New York has New Rules for Identifications in Criminal Cases
Witness tampering, coaching and suggestive photo arrays by police officers and detectives in New York has become a major problem and a contributing cause to several wrongful convictions in New York. The New York legislature has taken steps in an attempt to combat this problem. Too often, when detectives have a suspect in mind, they can say things and give hints who the suspect is. In one recent case, that our office handled, a detective told a witness who said a suspect looked familiar, told the witness, that is right, that's who did it. Our Westchester criminal defense lawyers have long fought for better procedures in witness identifications and fought to ferret out police misconduct that influences witness testimony. New York's new rules now require that the officer or detective who shows the photoarray to the witness do it in such a way that they cannot influence the witness' choice, which is known as "blinding"
One of the most important system variables that law enforcement can control is the blinding of identification procedures. Blinding occurs when the officer administering an identification procedure such as a photo array, knows who the suspect is but cannot determine when the witness is viewing the suspect's photo. "In one common “Blinded procedure”, the officer places each photo in a separate envelope or folder and then shuffles the envelopes/folders so that only the witness sees the images therein." This blinding can also be doubled: for example, when an officer who neither knows the suspect's identity nor position in the photo array shows the array to an eyewitness. Such blinding is used to prevent the officer from giving the witness conscious or unconscious cues that can affect the witness' identification.
New York law has recently been reformed, effective July 1, 2017, with respect to photo array procedure. Although not retroactive, the new rule is relevant in evaluating photo array procedures used in identification cases. New York now allows in-court testimony about a photo array, but only if the observation is made under a "blind or blinded procedure," defined as:
“a "blind or blinded procedure" is one in which the witness identifies a person in an array of pictorial, photographic, electronic, filmed or video recorded reproductions under circumstances where, at the time the identification is made, the public servant administering such procedure: (i) does not know which person in the array is the suspect, or (ii) does not know where the suspect is in the array viewed by the witness.”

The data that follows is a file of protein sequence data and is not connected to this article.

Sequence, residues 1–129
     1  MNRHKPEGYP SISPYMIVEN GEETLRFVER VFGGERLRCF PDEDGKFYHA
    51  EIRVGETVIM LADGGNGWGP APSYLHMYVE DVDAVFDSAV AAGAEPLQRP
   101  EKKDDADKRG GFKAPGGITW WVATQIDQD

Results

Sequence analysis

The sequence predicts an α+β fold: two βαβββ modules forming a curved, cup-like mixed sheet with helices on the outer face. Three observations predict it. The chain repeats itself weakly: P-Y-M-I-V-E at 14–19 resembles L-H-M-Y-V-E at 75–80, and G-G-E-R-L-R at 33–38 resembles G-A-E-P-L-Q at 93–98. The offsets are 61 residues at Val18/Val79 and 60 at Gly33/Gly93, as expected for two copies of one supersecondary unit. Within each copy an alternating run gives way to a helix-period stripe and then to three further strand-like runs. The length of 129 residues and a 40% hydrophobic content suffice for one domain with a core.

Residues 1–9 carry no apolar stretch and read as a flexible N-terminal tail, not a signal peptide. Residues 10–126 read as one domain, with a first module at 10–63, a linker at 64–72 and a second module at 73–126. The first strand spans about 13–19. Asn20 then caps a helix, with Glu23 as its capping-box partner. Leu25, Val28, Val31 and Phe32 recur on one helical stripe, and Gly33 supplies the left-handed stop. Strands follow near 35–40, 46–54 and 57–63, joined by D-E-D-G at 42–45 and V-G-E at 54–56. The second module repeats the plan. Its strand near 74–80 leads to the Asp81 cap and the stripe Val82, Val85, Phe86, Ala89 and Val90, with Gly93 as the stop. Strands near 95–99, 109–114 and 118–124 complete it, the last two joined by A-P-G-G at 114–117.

This new rule demonstrates a strong policy determination that a blind or blinded procedures provide significant safeguards when viewing photo arrays. This new provision is a result of an agreement reached between the New York State Bar Association, the Innocence Project, and the District Attorneys Association and is expected to bring about a cultural shift instructing federal law enforcement officials to follow a blind or blinded procedure.
Common sense suggests that identification procedures administered without some degree of blinding are inherently untrustworthy, and research confirms this. Typically, the greater the level of blinding, the more reliable the procedure. One of the foremost experts on eyewitness identifications has concluded that blind lineup administration is "the single most important characteristic that should apply to eyewitness identification." Social psychologists believe this is crucial to avoiding the "expectancy effect": "the tendency for experimenters to obtain results they expect . . . because they have helped to shape that response through their expectations." In a seminal meta-analysis of 345 studies across eight broad categories of behavioral research, researchers found that "the overall probability that there is no such thing as interpersonal expectancy effects is near zero." "Even seemingly innocuous words and subtle cues—pauses, gestures, hesitations, or smiles—can influence a witness' behavior." Moreover, the witness usually remains completely unaware of the signals she has been given or their effect on her identification.
However, study after study demonstrates that eyewitness recollections are highly susceptible to distortion by post event information or social cues. One such documented effect occurs when an eyewitness views a photo of a suspect—whether innocent or guilty—multiple times. The Supreme Court long ago recognized this effect, noting that a witness shown a photo of an innocent person "is apt to retain in his memory the image of the photograph rather than of the person actually seen, reducing the trustworthiness of subsequent lineup or courtroom identification." Social science has recognized this distorting effect.
Witnesses who encountered an innocent person's photo in an initial identification procedure were more likely to misidentify a different photo of him in a second procedure even if they did not misidentify him in the first procedure, but the effect is especially strong if they also misidentified the person in the first procedure.
Our White Plains criminal defense attorneys hope that these new required blind procedures reduce the number of wronful convictions and unreliable or tainted witness identifications in New York criminal cases.